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Canon XL and GL Series DV Camcorders
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Old February 13th, 2006, 11:46 PM   #1
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XL2 and the Future

G'day guys.

I'm planning on getting a non-HDV Cam (I already have one) so I can take advatage of Canon's interchangable lenses without having to save up for another 2 years to afford the super cool newly born cousin.

Despite the fact the XL2 is not HDV, its still a safe bet to get one and could last me well over 3 or 4 years? I plan to continue to shoot SD until i'm forced to shoot HDV.... And thats still more than 5 or 6 years off I wager...

Good bet?
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Old February 14th, 2006, 01:54 AM   #2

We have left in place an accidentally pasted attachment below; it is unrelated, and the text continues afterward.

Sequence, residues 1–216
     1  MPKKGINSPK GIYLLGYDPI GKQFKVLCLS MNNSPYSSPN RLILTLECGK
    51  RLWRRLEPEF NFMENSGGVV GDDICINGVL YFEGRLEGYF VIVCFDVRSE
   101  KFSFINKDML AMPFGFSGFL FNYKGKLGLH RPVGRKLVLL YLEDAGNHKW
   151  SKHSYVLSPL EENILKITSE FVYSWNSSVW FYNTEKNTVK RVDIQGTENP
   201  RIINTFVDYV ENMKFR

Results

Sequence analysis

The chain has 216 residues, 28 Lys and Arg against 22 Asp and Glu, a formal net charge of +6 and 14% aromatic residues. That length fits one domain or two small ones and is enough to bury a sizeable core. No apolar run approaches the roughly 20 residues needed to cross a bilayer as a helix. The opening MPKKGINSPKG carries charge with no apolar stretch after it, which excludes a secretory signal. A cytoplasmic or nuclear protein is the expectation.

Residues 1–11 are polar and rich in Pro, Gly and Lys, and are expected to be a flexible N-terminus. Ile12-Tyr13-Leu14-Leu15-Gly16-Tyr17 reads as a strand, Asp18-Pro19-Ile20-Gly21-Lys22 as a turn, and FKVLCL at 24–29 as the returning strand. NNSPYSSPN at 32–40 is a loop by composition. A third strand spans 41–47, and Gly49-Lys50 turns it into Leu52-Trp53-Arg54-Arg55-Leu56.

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Good Bet?...pretty likely, but it really depends alot on what your intended output will be - what type of shooting or projects you will be doing, and how you want it to look....but personally, I have been operating on your mode of thinking and I expect I will likely be able to get at least a good 5 years of trusty service out of my XL2. I don't seem to be shooting stuff that has clientele demanding (or even politely asking for HD) so my XL2 suits me just great. I really don't expect to be shooting HDV as I am really not a fan of the look, so whenever I move upwards, it will likely be straight to HD - but it won't be for a while however as my work and budget simply don't necessitate it. My XL2 is perfect for where I see myself working with for the next couple of years.

Of course, you posted this in the XL2 forum, generally frequented by XL2 users, many of whom love their cams - so you are likely to get such responses.